• Kelly

    Spent months in counseling (expensive) coming to grips with this life at home. Have my MBA, a Top 10 Undergrad education…and now what am I? Who am I? I was so extremely driven and accomplished so much just to do what any not-even-high-school-grad can do and what somebody does, whether at home or a daycare center, for every single person in this world. Hardly exclusive or impressive.
    And then there’s that drive–hardwired in–contantly frustrated with the SAHM job’s repetitiveness and neverending nature. Do the laundry. (any idiot can do it). Do it again. Do it and three seconds later you’ve had yet another blowout and have to do it again. It’s not like organizing an event where it ends, you get recognition, and you do not repeat. It’s rather an endless loop…and driving hard doesn’t get you around it any faster…or better…

  • rb

    I wanted to add one other thing. My husband was a SAHD for several years. One, I got no credit for this with the mommy community. Two, he never did make any real friends because the mommy community is pretty exclusive. Three, I gained an appreciation for how stressful it is to be the sole provider. There were times when I was worried about losing my job and I would feel overwhelmed with guilt and terror. So when I read some of your commenters saying that being a SAHM has been hard on their marriage, it doesn’t surprise me. The moms at home feel undervalued and unappreciated, and the husbands are stressed out about providing. We totally had that, just in role reversal.

    When my youngest was finally old enough for preschool, my husband and I were both SO happy to have him back at work. It’s a little less pressure for me – I’m still the breadwinner by far, but we have some breathing room – and he’s a much happier dude. AND NO ONE MAKES HIM FEEL GUILTY ABOUT THIS!

  • Jennifer

    I think that there’s the whole “working mom” and “choosing to stay home mom” – but not a lot of attention is paid to the people who HAVE to work.

    My husband and I live on Long Island, NY, one of the most expensive places in the nation but this is where our families are. To live here, we have to work. Both of us. Sometimes I think my friends forget that.
    Of course the grass is always greener and sometimes they are envious of me, other times they don’t know how I do it (I don’t- I have a breakdown every few weeks, ask my daycare director) and other times well, they don’t get that I don’t want to go out for girls night – until maybe it’s 10pm and my kids are long asleep because I don’t want to miss one minute away from them when they are conscious and looking for me.

    I try to make up for my working – by being present and there- when we are together. And, I won’t even THINK about attending functions where there are no kids. My kids come with me, no kids – no party.

    I just think in this great debate, that’s a thing that is ignored. And, since you have the whole breakdown behind you and you know that people sometimes say bad things about you, tell Phil – because I know there are others like him, that say “you can stay home if you try hard enough” that I simply cannot. That fact breaks my heart every day. I simply cannot. I work to make sure they have a nice house, and a chance at growing up in a neighborhood with good people and not to mention the chance to see their grandparents every weekend. That requires me to do this and not for one second, not even one, do I really choose that. I miss them every moment and every Monday morning is a new heart break. Cutting out the cable or phone service is not going to help (because yes, I’ve had people say that to me) we need my salary in a big way and I hate that fact.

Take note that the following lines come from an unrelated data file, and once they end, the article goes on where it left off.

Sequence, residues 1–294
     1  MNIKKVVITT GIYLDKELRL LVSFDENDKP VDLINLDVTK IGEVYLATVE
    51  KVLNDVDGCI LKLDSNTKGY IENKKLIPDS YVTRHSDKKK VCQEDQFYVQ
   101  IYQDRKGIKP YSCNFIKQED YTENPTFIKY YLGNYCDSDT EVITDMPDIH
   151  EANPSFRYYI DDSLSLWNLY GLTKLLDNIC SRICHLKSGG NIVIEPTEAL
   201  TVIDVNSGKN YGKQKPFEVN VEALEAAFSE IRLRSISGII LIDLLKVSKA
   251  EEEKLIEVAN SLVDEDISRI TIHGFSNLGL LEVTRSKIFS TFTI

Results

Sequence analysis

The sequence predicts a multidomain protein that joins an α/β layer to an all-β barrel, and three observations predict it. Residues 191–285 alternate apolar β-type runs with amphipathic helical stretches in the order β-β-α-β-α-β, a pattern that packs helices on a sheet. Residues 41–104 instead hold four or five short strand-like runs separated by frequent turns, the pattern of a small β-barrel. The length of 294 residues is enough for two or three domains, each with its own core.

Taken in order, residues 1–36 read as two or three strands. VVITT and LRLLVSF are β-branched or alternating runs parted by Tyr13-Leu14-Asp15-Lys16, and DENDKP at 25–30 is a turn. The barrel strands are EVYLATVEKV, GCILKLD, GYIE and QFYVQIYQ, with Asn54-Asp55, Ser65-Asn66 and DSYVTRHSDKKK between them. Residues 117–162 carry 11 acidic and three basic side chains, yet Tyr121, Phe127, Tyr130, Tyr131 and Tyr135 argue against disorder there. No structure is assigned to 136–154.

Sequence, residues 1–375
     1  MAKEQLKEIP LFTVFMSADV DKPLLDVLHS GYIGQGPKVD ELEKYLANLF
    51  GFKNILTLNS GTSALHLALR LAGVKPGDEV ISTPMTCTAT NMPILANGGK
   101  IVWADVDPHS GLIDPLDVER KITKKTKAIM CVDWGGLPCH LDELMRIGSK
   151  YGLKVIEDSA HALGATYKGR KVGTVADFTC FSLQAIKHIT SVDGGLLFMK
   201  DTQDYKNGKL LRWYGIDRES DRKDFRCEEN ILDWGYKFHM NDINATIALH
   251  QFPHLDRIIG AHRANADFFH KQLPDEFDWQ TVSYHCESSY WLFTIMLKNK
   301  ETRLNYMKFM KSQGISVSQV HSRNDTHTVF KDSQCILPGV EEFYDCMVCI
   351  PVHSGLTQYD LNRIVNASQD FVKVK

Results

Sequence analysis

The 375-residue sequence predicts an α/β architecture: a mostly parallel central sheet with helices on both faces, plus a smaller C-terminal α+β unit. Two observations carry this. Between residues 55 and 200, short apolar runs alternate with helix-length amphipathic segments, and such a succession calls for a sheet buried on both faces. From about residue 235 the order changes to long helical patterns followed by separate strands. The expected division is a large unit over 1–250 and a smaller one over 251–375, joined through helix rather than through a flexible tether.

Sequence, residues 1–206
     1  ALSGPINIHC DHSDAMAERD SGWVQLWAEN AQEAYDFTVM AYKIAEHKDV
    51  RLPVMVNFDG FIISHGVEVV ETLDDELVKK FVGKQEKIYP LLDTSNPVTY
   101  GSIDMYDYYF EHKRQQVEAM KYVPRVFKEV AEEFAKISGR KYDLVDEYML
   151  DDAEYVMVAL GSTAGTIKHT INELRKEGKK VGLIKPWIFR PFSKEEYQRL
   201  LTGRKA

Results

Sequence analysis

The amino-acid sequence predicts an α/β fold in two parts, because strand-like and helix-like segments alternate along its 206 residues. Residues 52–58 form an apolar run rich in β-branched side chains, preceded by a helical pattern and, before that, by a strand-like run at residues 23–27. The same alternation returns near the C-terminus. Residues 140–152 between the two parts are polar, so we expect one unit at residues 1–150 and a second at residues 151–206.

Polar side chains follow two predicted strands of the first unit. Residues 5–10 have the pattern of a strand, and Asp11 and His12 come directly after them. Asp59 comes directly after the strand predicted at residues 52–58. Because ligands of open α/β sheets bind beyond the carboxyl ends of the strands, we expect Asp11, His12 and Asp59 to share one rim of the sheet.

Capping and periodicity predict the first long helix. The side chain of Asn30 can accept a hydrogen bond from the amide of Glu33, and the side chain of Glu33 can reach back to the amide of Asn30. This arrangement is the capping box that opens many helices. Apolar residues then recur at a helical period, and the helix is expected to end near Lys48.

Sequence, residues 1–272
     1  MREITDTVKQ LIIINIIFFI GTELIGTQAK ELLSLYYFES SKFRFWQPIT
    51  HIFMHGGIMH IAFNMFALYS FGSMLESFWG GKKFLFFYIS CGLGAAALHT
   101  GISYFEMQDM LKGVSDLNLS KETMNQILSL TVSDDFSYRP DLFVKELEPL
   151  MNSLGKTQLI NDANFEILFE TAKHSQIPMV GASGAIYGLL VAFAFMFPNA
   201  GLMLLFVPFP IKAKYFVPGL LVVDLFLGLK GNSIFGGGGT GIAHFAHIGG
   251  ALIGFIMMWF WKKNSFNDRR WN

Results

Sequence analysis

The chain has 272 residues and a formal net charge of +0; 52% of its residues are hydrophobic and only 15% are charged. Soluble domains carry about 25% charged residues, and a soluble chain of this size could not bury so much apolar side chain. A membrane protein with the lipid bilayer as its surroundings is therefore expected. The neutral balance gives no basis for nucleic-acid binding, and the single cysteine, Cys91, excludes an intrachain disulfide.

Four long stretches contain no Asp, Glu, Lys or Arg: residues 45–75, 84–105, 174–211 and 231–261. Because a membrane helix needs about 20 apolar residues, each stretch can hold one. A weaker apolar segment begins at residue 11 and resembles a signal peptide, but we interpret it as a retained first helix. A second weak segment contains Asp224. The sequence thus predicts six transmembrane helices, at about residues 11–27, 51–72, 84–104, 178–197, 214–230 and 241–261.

In fact, sometimes I think about having a third child, just so I can have three months off to spend with them. Now that is a crazy thought.

    Tell em Heather.

  • Suzy


    Wowee, you are judgemental! It must be delightful for your kids to be around you all day!

  • Sarah

    I like to think that I have the best of both worlds. I have 8-month-old twin boys, and an employer who is understanding enough to allow me to work 2 days from home, and 3 days in the office. I know how lucky I am to have this arrangement, and I truly love it, but I feel guilt, too (of course). When I’m working from home, I feel guilty because I’m literally trying to balance motherhood and work. When I’m at work, I feel guilty because I’m not spending that time with my boys (although a good friend of mine, who I trust very much and who the boys adore, watches them during the day). And even on Saturdays and Sundays, I feel guilty when I want to do something for *me*, rather than spending every single minute with my kids. So I think the guilt is inevitable. But I wish more employers would be as flexible as mine, because I love the balance and wish more people could have it.

    And, I agree with the commenters who have said that some of us don’t have a choice. I have multiple sclerosis, and for this I take drugs that cost (literally) $2,500 per month. My health insurance covers my prescription relatively inexpensively, and my husband’s health insurance has a ridiculously expensive premium for spouses/family and comes with a $10,000 deductible that we can’t afford to pay every year. I’m not choosing to work because I want cable (don’t have it), an iPhone (don’t have it), a gym membership (don’t have it), or a fancy car (definitely don’t have it). I’m working because I need my health insurance.

    Anyway, I guess I’d love it if you could promote the idea that it IS possible to have a balance between work and motherhood, and that more employers should offer it. Can’t wait to see the show, and wow, do I wish I lived in L.A. so I could see Marlo blow bubbles! Such a cutie!

  • http://www.fosterhood.tumblr.com Fosterhood

    My circle of friends, who include working and stay-at-home moms, talk a lot about our guilt over feeling too educated for the monotony of motherhood.

    We know we should cherish every moment of sitting and feeding our babies, yet after years of higher education, it can feel terribly unproductive and uninteresting.


  • KP